Does it seem like you’re spending an hour each afternoon just to get your toddler or preschooler to sleep for thirty minutes? Does approaching naptime produce a daily throwdown of the wills? Do you find your inner Ugly Parent emerging at this time, resulting in a nuclear naptime?
If you want to restore your afternoon oasis, here are a few suggestions—and a new way to think about the ever-elusive toddler nap.
Acknowledge the Audacity
Asking your child to go to sleep in the middle of her day is pretty presumptuous. Would you ask a falcon to pull out of a dive? LeBron James to sit out the third quarter?
An instinctual developmental drive pushes your toddler or preschooler to play, be silly, explore her world—all of which require being awake and on the move. No wonder repeating “Go to sleep” and “Be still” over and over doesn’t work. It runs counter to everything inside of your child.
Use a Gentle Approach
Remember that threats are often counterproductive. Saying things like, “If you don’t settle down, Mommy will leave,” actually arouses your child’s nervous system further and aggravates his anxiety. I know because I tried it more times than I care to admit. And then it takes even longer for them to settle and relax into sleep.
And yelling? Have you ever tried drifting off to a relaxed, sweet sleep when a loved one is mad or yelling at you? I’ve never had the actual experience of trying to fall asleep when someone was yelling “GO TO SLEEP!” at me, but I imagine it’s pretty difficult.
Be Mindful of Your Child’s Stage
Not only is the nap an unwelcome interruption in the busy day of your young mover ’n shaker, it also represents a significant separation. We often don’t think about sleep as a separation, but it certainly is. Developmentally, your child regularly achieves new milestones toward independence. But almost as frequently, there are periods of regression when she is even needier, and when she has a hard time tolerating being alone. Try to stay attuned to such instances, extending more—and longer—handholding and cuddles as she needs them.
Don’t Articulate . . .
You want your toddler to sleep; he knows you want him to sleep. From the time he swallows his last bite of lunch, he’s steeling himself against sleep. So, when you tell him he has to go to sleep, you’re just asking him to fight back.
Lean Into the Need for Play
Instead, employ some naptime nuances, nudging your child toward a more relaxed, ready-to-sleep state through quiet play. This moves him closer to relaxing, while still allowing the drive for curiosity and exploration to be indulged. Gently roll a large exercise ball up and down his body, from shoulders to feet. Take turns. Encourage him to rock his favorite stuffed animal to sleep. Even some reverse psychology might work: “Don’t go to sleep, but let’s see if we can get your lion to fall asleep.” Lead him through some breathing exercises, like pretending you are both blowing out birthday candles really slowly.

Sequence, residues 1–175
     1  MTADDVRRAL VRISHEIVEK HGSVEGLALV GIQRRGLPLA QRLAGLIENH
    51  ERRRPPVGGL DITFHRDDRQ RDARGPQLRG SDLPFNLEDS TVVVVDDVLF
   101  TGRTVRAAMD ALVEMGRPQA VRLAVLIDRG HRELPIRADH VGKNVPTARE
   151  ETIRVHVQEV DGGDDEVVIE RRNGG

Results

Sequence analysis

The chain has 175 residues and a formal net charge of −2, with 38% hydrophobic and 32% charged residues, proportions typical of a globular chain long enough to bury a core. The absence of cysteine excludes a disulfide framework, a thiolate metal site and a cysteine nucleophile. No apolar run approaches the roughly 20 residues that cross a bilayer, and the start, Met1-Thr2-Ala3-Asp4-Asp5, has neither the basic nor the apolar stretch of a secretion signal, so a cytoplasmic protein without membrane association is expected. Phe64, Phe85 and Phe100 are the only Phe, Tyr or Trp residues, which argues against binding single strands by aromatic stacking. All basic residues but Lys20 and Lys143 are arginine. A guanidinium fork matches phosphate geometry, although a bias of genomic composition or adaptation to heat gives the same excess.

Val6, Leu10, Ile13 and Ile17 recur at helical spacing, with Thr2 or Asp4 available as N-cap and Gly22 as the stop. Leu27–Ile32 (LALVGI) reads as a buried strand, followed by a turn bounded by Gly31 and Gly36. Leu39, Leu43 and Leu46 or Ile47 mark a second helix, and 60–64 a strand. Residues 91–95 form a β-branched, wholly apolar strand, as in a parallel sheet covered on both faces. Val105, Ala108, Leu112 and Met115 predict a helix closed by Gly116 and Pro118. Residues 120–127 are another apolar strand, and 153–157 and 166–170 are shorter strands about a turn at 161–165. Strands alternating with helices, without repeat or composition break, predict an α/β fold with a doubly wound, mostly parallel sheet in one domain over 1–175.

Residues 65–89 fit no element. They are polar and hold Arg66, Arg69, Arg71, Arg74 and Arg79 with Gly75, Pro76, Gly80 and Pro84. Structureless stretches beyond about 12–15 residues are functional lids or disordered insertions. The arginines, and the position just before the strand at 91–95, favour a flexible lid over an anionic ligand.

Of course, reading a story or singing a few gentle songs can work wonders. In fact, if your toddler falls asleep readily at night, play music at bedtime with which he will make a positive sleep association—then play it for him at naptime.
Offer an Option
If all else fails, it can be effective to say, “You don’t have to go to sleep, but you do need to close your eyes and be still.” This worked like a charm for a couple of years with each of my kids. But, at this stage it might be time to . . .
Nip the Nap?
If they are getting close to age 3, you might want to pull the nap. If they take a long time to fall asleep at naptime and then stay up really late at night, it might be time to experiment with removing the nap. When I pulled the plug on my sons’ naps, I had to be out of the house in the afternoon at the park or somewhere doing something fun or they would fall asleep—or fall apart. Then, they’d fall asleep easily and early, resting better at night. I found that they actually were getting more hours of sleep when I took the nap away, and then my husband and I had our evening together. However, some kids need the nap through age 5 or 6.
Give up the push toward independence. Just think about the next three months or so and how things can best work for your family. Your children’s schedules and needs will be different in just three months. Think about how best to get them some sleep and use the break instead of worrying about promoting independence or other kinds of things. Just focus on this and that independence will come later naturally.
Embrace the Challenge—and the Change
Remember that naptime battles are normal, and that getting frustrated is normal. Yes, you may occasionally model poor frustration-management strategies, but you also employ smart ones lots of times. You will be frustrated with your child a lot and that’s totally normal. But what they are doing at times can drive you crazy, so it would be weird if you weren’t frustrated. This is a phase, and no strategies are going to work perfectly. In fact, what works for you this week probably won’t next week. But it’s all normal—and it will all be different again in some other wonderful and difficult ways in three more months.